I don’t even know where to begin to dissect this lyrical train wreck. I guess the easy place to start is how many cliché “country boy” tropes Ray sings about. Excuse me, these are tropes about “real men” not country boys. (I’ll get to this in a bit). Writers Lance Miller, Adam Sanders, along with Brett and Brad Warren hit on just about every single piece of country cliché imaginable. Fishing, fast cars, football, cowboys, outlaws, living life too fast, dancing, pretty girls dancing, cold beer, blue-collar pride, mama, fighting when necessary, charming, and never giving up. Oh, and a reference to a classic country song. It’s like they only listened to the third verse of “You Never Even Called Me By My Name” to learn how to write a country song. Honestly, the only thing that’s missing here is American pride. Quite frankly, I’m glad we’re spared a shoehorned line about loving the troops, unlike another Adam Sanders penned song.

But here’s the kicker of it all. According to the song, if you don’t like or do any of the things mentioned, you’re not a real man. If you prefer beer and conversation on the patio with a buddy over a dance club, you don’t exist as a man. If you work a white-collar job where your hands don’t get dirty, might as well hand in your man card now. And if you don’t believe in Jesus, then you’re a fake man. This song is 100% pandering bullshit to southern white males. All the damn tropes these writers toss into this mess have all been used to describe country boys, but have simply changed the description to “real men.” That’s got to be the most close-minded view of gender since RaeLynn.  I can’t even put into words how terrible this damn song is without turning this review into an f-word infested essay, and even that might be a better read then these dumb-ass lyrics.

This song flat-out sucks. I don’t care that the instrumentation is a mid-tempo acoustic melody that actually resembles country music. Johnny Cash could sing these lyrics and it would still be a terrible song. In fact, if Cash wrote and sang a song called “Real Men Love Jesus” then it might actually be good. Cash has a better head on his shoulders than the five people who wrote and sang this song combined. After I heard “Kiss You In The Morning” I didn’t think there could be a more clichéd song in existence. And I can’t believe I’ve been proven wrong. “Real Men Love Jesus” is shit and Michael Ray should stop making music if he’s going to continue recording cliché-ridden, boring, stupid, pandering, shitty songs.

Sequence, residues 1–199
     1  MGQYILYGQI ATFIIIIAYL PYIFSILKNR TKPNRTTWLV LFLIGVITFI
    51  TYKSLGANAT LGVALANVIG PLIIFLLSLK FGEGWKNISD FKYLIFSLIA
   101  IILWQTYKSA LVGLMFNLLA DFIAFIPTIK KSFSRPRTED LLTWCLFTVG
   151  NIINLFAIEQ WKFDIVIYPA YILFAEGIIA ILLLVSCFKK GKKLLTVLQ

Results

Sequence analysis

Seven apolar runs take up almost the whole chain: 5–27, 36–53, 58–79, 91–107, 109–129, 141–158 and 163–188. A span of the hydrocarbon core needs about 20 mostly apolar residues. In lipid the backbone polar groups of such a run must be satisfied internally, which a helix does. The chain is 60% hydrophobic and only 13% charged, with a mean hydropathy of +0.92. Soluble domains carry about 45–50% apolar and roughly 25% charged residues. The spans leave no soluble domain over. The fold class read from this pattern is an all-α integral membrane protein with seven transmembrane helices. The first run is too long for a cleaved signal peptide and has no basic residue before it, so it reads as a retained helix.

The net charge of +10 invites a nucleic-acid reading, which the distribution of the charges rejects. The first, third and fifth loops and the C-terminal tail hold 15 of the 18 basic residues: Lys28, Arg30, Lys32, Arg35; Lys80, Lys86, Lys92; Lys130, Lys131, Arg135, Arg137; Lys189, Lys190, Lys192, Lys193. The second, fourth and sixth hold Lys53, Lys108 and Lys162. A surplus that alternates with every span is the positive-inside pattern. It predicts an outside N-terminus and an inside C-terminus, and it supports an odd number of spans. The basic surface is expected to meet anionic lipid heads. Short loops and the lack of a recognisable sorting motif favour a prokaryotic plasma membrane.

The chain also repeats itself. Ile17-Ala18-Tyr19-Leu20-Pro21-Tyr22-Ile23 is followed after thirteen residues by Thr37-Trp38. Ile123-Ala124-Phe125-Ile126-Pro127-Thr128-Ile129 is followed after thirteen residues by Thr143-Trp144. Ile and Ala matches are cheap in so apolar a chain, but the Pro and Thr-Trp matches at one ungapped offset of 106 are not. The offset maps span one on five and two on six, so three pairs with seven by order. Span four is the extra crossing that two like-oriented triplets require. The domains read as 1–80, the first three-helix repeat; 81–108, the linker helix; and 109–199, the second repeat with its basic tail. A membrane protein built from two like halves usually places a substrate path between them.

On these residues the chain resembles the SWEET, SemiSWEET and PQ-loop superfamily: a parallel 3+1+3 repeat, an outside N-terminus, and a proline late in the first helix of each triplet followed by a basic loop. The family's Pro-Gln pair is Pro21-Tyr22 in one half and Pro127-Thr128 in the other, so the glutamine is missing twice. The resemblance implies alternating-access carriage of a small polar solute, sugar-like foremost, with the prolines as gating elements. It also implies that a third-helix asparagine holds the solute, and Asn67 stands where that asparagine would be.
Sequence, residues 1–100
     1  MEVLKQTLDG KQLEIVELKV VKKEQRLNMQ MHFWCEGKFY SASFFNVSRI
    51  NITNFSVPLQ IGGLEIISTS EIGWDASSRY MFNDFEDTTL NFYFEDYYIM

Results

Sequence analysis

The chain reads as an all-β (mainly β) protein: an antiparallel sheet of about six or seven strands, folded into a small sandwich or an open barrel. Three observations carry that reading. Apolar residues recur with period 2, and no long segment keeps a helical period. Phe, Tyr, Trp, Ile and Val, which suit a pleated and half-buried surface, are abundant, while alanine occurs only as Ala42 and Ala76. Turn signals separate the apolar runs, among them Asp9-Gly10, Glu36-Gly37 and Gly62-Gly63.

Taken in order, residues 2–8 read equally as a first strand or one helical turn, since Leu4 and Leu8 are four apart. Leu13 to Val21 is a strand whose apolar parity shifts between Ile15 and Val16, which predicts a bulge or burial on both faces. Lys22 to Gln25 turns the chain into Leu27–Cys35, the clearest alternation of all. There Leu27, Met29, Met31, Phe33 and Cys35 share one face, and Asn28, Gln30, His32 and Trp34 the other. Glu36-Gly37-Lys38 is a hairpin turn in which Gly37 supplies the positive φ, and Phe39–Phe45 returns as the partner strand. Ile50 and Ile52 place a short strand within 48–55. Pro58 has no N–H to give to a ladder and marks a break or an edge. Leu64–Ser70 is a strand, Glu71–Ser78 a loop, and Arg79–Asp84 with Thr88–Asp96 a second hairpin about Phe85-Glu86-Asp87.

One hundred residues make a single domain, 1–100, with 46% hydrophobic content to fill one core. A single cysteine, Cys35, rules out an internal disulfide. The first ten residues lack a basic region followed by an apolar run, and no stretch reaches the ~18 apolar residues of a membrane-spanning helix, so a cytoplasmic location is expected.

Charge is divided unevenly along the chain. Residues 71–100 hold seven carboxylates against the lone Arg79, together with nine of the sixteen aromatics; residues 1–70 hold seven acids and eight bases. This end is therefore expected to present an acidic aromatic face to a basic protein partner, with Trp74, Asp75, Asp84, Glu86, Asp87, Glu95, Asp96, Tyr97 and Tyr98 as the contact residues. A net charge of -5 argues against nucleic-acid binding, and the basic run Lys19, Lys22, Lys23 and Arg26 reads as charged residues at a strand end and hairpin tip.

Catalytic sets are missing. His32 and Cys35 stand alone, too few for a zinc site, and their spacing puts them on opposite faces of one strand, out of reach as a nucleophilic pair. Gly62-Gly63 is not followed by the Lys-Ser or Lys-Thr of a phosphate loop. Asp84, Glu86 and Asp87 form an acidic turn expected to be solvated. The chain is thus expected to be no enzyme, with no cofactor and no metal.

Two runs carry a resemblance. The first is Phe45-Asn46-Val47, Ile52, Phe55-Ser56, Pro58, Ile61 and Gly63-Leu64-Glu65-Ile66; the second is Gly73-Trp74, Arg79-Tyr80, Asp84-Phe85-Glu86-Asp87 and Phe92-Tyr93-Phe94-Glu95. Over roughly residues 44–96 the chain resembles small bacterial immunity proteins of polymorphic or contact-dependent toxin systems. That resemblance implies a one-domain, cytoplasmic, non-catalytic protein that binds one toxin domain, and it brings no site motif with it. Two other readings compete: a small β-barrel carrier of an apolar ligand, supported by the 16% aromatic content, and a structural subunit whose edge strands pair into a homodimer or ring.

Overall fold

Grade: 0/10

I’m not linking this garbage. Instead, here’s a better song about being a “real” southern man.

Review – Canaan Smith’s “Love You Like That” is a Calculated, Boring Song

Newcomer Canaan Smith is trying to find his place among the diluted crowd of solo male acts in country music. Smith’s debut single, “We Got Us” charted poorly, but a follow-up single and new EP has a few spotlights on Canaan Smith. He’s earned himself an opening slot on Dierks Bentley’s Sounds of Summer tour, he’s written a few songs with the likes of Florida Georgia Line’s Tyler Hubbard and Cole Swindell, and Smith’s current single, “Love You Like That,” is slowly climbing the charts, floating around the top-15 mark.

“Love You Like That” is your average, mid-tempo love power ballad. There’s nothing noteworthy in the production of this song. It’s a generic electric guitar riff complemented with a banjo, a drum loop, and a faint ring from a steel guitar. The drumbeats are the most prevalent instrument on the whole track. The solo of the song is not even that interesting or different from the rest of the song. Safe doesn’t even begin to describe the production of this song. However, the content of the song draws ire.

The lyrics of “Love You Like That” are a calculated, cliché-ridden pile of junk. Smith wrote the song with Brett and Jim Beavers, and it’s almost as if they were working off a work sheet provided by Mercury Records: Answer these questions right, and you’ll have a summer hit!

Question 1: What famous singer do you name drop? “steady as a Tom Petty track.” Good job. Tom Petty hates us, so we’ll gladly include him in another country song.

Question 2: What time of day are you and your love together? “All night ‘til the sun comes back.” Perfect answer.

Question 3: Do you compare this love to alcohol? “stronger than a fifth of whiskey…..sweeter than muscadine wine.” Oh! Two booze references, you get extra credit.

Okay last question, how does this girl know you’re a country boy? “I could never do it like a pretty city boy. I’m more a fishin’ in the dark nitty gritty boy.” Excellent! And more bonus points for a name-dropping a famous country song in the process. Congratulations, Canaan Smith. We may have a spot for you in the revolving door that is country radio one-hit wonders.

Overall, “Love You Like That” is just a boring, uninspired country love song. Not one ounce of creativity was put into this song from the production to the writing. It’s not terrible and there are certainly worse songs that have been released this year. Yet, the song is far from good. I’ll be shocked if Canaan Smith doesn’t crack the top ten soon with this song, which is astounding to me that a boring song such as this appeals to so many people.

Grade: 2/10